Posted: Monday, January 4, 2016 at 3:55pm

It is with sadness that we note the passing of Dal Richards, Vancouver’s legendary bandleader, who died on December 31, 2015, just five days before his 98th birthday. His remarkable life and career was showcased in his autobiography One More Time! The Dal Richard’s Story (2009), which he wrote with his good friend, the journalist Jim Taylor.

Dal Richards started his career at a time when songs came from records and radio instead of CDs and iPods. He saw Vancouver’s entertainment scene in Vancouver in the 1920s when the public’s appetite for vaudeville shows was insatiable, and in the 1930s and ’40s when Prohibition was in full swing. He started playing the clarinet in the Kitsilano Boys Band at the young age of 15 and went on to lead the Dal Richards Orchestra in nightly gigs at the Panorama Roof. He also met and befriended a legion of stars in the days when Hollywood’s big-name performers made Vancouver a regular tour stop. He played at the Pacific National Exhibition for over 70 years, and conducted the BC Lions marching band for 30 seasons. He won a legion of awards and honours, including the Variety Club of BC Heart Award, the PNE President’s Lifetime Achievement Award, the Order of BC, the Order of Canada, and a place in the BC Entertainment Hall of Fame.

In One More Time!, Dal ended his book with the passage: “One day the true Hour of Parting will come. When it does, I hope I’ve got a front-row seat in the real Balcony and the bands who’ve gone before are swinging.” The bands are swinging, Dal, and they’re swinging for you.


Frank White Passes

Posted: Sunday, October 18, 2015 at 10:39pm

Frank White, pioneer, raconteur and author of bestselling books, died October 18 at his home in Garden Bay BC. White claimed to be British Columbia’s oldest active author when he published his memoir That Went by Fast at the age of 100 in 2014, a followup to his 2013 bestseller Milk Spills and One-Log Loads. A workingman and small businessman who didn’t retire until age 80 and wrote about his long life in a colloquial, unvarnished style, White’s trademark was his self-deprecating humour.

“I’d got used to thinking my life hadn’t amounted to much,” he wrote, “and it seemed most people agreed with me on that. Now it’s, ‘Oh, you rode in a horse and buggy? You worked on a steam donkey show? Your girlfriend was a flapper?...You should write a book!’ By hanging around so long it seems I have become an object of historical interest.”

His was a typical life for a British Columbian of his time, comprised mostly of endless hard work, although on the evidence of his stories it was seldom dull. He grew up in Abbotsford the son of the town butcher and at age 8 began serving customers in his father’s shop by standing on a butter box so he could see over the counter. His father bought the first Model-T delivery truck in Abbotsford but couldn’t get the hang of the horseless carriage so young Frankie taught himself to operate it, lying about his age to get his driver’s licence at age 13. “By the age of 13 I already had two professions: butcher and truck driver,” he wrote.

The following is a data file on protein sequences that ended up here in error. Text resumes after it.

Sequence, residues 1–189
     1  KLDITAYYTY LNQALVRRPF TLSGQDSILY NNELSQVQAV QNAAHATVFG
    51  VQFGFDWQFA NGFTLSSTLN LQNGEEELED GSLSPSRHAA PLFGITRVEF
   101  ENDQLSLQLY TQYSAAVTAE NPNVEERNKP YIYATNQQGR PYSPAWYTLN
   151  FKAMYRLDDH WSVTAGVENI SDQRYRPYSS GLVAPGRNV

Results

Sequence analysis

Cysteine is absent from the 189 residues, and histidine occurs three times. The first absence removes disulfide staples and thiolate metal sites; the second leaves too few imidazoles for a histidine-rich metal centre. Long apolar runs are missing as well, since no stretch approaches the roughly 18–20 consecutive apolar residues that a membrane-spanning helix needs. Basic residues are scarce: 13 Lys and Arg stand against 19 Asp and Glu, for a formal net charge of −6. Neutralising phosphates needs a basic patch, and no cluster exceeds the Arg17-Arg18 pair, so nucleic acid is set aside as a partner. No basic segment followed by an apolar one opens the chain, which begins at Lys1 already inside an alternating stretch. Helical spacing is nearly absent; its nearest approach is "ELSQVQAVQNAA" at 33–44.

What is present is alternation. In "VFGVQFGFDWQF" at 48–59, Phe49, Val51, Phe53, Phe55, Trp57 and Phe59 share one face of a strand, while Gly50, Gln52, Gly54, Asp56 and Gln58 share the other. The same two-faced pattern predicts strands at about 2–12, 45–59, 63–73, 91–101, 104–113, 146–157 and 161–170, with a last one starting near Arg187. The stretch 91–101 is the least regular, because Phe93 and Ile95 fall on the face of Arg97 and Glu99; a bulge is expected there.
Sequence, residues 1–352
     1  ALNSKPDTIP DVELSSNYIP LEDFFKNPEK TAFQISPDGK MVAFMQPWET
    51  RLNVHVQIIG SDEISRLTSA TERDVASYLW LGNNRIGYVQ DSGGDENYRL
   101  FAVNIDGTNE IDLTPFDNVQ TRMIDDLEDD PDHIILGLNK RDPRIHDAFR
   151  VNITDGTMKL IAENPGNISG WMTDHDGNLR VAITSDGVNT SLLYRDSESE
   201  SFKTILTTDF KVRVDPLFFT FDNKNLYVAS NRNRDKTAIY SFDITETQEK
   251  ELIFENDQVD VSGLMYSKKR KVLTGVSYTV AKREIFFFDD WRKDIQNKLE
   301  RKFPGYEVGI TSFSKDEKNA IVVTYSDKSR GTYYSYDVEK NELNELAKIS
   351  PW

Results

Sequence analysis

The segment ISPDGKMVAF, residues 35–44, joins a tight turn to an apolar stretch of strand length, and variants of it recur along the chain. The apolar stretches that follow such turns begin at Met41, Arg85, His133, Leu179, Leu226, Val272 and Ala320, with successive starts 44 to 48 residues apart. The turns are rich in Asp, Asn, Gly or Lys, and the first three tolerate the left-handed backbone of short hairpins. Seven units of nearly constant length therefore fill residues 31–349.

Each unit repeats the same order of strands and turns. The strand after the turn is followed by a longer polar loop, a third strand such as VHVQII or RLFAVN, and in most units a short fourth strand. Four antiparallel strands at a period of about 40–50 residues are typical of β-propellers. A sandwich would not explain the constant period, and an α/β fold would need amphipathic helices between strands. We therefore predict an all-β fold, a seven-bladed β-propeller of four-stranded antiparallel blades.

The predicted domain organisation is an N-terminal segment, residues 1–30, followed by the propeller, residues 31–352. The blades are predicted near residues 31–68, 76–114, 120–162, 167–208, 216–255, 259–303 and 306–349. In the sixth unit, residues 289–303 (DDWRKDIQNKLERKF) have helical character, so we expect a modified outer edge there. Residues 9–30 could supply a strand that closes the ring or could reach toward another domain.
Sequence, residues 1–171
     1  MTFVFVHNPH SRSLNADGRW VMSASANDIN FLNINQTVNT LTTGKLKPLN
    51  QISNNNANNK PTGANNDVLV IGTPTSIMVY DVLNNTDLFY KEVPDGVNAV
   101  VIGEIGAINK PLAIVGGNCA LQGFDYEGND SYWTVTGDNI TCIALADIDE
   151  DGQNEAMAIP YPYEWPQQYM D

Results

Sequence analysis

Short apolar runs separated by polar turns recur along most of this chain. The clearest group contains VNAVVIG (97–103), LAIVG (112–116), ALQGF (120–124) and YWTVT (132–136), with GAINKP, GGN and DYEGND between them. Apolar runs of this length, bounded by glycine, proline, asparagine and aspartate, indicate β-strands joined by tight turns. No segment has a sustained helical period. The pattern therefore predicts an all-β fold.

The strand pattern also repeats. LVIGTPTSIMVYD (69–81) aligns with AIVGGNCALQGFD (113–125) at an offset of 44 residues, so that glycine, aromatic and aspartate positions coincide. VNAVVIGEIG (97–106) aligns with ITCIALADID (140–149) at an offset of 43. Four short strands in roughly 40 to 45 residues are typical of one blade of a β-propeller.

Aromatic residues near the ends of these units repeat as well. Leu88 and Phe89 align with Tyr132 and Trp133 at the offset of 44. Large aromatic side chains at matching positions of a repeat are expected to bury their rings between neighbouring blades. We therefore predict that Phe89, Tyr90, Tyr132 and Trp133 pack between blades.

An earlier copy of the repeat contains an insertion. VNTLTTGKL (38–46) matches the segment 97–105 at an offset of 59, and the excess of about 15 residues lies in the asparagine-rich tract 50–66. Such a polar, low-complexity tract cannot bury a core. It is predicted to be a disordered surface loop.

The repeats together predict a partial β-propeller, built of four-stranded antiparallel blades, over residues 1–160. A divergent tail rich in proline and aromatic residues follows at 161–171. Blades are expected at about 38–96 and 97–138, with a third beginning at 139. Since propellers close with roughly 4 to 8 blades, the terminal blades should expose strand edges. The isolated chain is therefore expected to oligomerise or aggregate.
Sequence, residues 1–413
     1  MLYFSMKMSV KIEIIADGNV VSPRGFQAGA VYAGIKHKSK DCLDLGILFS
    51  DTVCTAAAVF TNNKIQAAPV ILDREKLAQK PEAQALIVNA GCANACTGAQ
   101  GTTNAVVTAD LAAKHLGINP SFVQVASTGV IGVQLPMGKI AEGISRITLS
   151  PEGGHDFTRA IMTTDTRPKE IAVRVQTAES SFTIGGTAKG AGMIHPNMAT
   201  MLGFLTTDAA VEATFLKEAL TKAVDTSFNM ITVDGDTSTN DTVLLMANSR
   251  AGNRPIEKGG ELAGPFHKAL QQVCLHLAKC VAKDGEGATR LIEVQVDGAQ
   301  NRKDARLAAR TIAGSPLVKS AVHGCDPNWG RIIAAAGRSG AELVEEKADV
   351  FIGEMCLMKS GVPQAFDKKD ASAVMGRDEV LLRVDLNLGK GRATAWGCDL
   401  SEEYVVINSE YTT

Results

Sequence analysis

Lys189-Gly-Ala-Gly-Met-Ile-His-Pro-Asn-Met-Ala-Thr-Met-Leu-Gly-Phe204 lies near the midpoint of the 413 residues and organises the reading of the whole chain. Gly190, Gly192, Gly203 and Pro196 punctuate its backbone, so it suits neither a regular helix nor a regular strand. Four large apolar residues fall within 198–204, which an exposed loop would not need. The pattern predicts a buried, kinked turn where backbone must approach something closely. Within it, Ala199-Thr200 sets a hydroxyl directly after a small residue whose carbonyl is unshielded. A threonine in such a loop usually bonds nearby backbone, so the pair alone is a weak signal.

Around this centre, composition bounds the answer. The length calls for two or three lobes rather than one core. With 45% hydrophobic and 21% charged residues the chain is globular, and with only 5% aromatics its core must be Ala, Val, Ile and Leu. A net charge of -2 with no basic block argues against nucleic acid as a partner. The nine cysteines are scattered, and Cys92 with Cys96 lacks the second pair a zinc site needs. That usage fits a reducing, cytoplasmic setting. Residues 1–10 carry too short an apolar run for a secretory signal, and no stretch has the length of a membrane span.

He built on his early start to follow the trucking boom that hit BC in the 1930s and 1940s, pioneering highway freighting then truck logging. In the 1950’s he became a small-scale “gyppo” logger before moving to the coastal fishing village of Pender Harbour, where he operated an excavating business, a gas station and a municipal water system. Along the way he endured shipwrecks, topped 200-foot spartrees, fought forest fires, got physical with log rustlers, built houses, built boats, raised a family, dabbled in politics, built early computers, buried a beloved wife and daughter, travelled the world and wrote books. At age 92 he married the former New Yorker writer Edith Iglauer, 89, and they continued to live in their small waterfront cottage in Pender Harbour until the present. He died peacefully with his family and caregivers around him and his sense of humour intact. In his final hours when a nurse asked him how he was, he whispered between gasps, “Hundred per cent!”

White was bemused by his longevity and the celebrity that came with it. “When I was fifty and still had most of my marbles,” he wrote, “all people wanted me to tell them was why their car stalled at the intersection. Now that everything is starting to get hazy, they’re not satisfied unless I can tell them the meaning of life.”

On that score he wasn’t venturing any great pronouncements. “Life is life. It’s not under our control and it doesn’t follow any script. It just is.” He might have added, life goes a lot easier if you have a good sense of humour.

Franklin Wetmore White was born May 9, 1914 in Sumas, Washington. He leaves his wife Edith Iglauer, a daughter Marilyn, two sons Howard and Donald, six grandchildren and eight great grandchildren.


Harbour Team Adds New Member

Posted: Saturday, October 17, 2015 at 6:10pm

The Harbour gang welcomed a new member October 13th as managing editor Anna Comfort-O'Keeffe delivered a 8 lb. 13 oz. boy at Sechelt Hospital. Mum and baby are fine and already made it to a Harbour martini night on October 16. His name is Judah Forest Comfort O'Keeffe. Congratulations to the proud parents, Anna and Jay!


Bren Simmers shortlisted for 2015 City of Vancouver Award!

Posted: Tuesday, October 13, 2015 at 4:52pm